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Three Networks Try To Block ReplayTV Product

Just as it was preparing to re-enter the hardware side of the personal video recorder business, SonicBlue’s ReplayTV unit was hit with a lawsuit from three television networks, seeking to block the distribution of the new Replay 4000 personal video recorder for alleged copyright infringement issues.

Viacom (CBS), Disney (ABC) and NBC filed their suit in U.S. District Court in Los Angeles, claiming potential injury from the ReplayTV 4000’s ability to strip out commercials on recorded programming and from its ability to transmit recordings over broadband Internet connections to owners of other Replay 4000 recorders.

The suit states that ReplayTV is “arming their customers with and continuously assisting them in using unprecedented new tools for violating copyright interests in the programming they supply to various TV distribution services.”

The networks added that the recorder “deprives the copyright owners of the means by which they are paid for their creative content and thus reduces the incentive to create programming and make it available to the public.”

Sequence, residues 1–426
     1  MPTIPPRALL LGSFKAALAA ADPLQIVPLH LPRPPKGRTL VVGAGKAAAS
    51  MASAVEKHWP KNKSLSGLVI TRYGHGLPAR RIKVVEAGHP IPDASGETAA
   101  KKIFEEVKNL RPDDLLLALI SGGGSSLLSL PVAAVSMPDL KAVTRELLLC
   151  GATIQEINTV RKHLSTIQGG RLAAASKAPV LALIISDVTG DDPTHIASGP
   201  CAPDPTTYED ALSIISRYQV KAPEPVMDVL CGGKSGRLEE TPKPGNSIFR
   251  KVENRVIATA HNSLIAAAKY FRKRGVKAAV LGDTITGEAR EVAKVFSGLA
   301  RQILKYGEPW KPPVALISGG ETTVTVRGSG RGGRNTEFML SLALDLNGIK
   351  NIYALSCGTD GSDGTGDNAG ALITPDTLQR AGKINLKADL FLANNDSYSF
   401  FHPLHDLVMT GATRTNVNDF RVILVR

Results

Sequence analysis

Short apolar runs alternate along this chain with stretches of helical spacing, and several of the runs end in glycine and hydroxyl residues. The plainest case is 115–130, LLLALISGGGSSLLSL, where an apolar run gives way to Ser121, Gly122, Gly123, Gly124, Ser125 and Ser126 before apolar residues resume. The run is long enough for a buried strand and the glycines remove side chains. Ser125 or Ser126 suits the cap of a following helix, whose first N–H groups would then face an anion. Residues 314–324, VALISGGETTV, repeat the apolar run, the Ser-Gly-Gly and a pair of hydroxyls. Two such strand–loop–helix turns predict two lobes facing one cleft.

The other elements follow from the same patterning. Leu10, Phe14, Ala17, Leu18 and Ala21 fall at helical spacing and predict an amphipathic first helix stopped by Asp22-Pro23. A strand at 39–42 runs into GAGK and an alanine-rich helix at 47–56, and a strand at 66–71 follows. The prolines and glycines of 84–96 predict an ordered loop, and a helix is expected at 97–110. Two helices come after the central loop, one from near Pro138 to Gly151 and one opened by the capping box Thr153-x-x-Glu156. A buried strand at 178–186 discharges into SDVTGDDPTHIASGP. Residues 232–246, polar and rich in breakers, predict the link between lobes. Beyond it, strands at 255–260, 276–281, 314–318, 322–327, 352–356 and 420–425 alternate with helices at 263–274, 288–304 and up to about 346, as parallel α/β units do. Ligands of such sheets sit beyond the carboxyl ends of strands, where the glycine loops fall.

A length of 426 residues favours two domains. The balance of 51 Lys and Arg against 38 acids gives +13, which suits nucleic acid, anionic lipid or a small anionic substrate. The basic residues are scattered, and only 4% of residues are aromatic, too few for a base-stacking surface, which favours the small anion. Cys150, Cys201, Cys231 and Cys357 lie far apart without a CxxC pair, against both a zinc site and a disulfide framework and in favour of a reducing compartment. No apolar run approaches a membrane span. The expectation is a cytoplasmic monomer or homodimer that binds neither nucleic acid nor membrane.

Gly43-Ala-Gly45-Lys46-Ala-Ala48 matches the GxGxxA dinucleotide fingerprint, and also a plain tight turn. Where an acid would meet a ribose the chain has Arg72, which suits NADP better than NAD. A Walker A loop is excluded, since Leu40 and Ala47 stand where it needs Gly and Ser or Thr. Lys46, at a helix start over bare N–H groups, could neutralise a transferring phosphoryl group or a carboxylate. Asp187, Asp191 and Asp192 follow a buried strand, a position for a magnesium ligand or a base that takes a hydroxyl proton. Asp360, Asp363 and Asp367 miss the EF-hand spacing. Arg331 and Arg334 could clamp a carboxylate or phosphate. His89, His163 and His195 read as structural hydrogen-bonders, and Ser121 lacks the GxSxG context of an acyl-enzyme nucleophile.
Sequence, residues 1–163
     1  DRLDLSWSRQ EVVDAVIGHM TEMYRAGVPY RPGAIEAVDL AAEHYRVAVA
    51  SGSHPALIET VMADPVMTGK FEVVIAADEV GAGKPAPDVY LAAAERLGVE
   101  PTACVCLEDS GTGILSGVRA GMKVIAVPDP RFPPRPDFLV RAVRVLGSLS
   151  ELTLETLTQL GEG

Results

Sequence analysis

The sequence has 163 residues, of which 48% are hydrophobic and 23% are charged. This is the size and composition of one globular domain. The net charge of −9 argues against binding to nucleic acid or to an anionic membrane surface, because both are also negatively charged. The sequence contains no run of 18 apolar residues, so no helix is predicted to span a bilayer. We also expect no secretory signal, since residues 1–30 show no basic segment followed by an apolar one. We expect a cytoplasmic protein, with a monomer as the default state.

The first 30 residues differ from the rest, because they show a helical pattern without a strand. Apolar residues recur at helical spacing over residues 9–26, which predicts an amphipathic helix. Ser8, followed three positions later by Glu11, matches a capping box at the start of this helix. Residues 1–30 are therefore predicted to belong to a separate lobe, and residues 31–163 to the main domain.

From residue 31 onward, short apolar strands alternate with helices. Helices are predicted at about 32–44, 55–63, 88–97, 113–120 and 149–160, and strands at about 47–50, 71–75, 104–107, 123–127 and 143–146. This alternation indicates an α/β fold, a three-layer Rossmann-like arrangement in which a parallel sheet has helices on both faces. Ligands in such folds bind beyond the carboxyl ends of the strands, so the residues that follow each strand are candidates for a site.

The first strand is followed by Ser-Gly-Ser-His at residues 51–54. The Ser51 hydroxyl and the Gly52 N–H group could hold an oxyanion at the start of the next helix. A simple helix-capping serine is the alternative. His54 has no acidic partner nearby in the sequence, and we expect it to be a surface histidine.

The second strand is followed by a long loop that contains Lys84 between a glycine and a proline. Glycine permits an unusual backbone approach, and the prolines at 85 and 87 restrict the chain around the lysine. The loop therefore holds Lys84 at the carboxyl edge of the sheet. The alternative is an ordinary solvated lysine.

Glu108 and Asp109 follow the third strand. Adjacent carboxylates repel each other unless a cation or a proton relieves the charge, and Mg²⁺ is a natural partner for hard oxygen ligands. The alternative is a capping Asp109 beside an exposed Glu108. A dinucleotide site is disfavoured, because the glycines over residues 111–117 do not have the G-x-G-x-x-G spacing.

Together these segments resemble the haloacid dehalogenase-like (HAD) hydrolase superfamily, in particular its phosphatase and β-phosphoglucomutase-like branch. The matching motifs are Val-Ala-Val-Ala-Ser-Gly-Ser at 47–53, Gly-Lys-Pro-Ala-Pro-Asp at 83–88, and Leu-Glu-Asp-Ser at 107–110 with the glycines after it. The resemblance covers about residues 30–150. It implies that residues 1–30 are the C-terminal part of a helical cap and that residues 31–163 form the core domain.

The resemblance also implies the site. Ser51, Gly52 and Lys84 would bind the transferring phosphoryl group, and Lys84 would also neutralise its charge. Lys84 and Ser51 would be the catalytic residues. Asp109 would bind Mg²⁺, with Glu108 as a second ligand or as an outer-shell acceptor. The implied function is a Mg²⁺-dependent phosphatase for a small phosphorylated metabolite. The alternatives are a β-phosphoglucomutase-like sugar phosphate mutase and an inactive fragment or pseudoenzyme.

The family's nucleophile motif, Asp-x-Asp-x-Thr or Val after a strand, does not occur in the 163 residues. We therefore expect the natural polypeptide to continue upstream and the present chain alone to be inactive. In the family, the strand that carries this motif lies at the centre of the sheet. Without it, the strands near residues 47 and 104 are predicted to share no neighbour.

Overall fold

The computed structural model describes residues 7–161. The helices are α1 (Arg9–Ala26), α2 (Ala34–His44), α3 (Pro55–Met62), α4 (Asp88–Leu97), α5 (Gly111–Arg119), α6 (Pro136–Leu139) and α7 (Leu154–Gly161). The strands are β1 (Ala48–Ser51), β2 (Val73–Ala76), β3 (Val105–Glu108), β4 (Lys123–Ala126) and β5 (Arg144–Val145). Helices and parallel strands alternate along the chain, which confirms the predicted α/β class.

SonicBlue, which is preparing to deliver the ReplayTV 4000 shortly, said it has taken precautions to prevent the misuse of the broadband feature. The recorder will only permit transmission or retransmission of a single recording up to 15 times, and it includes Macrovision copy protection systems that will enable broadcasters to add signals to prevent the recorder from relaying content over the Internet.

The networks were not as concerned by earlier ReplayTV recorders and those of competitors including TiVo, DISH Network and Microsoft’s UltimateTV, which all lack broadband capability and do not strip out commercials. However, users can fast forward through commercials in 15 to 30 seconds at a time on most units.

SonicBlue’s Go-Video unit also markets a new line of dual-deck VCRs that allow users to edit out commercials on VHS tapes, but only after making a recording of the original tape.

SonicBlue recently purchased the struggling ReplayTV after it had decided to abandon the hardware distribution side of the personal video recorder business, and concentrate on licensing its technology and services to other manufacturers including Panasonic.

SonicBlue, which is growing its digital portfolio to a broad range of devices and platforms, decided to reverse that course with the reintroduction of the ReplayTV 4000.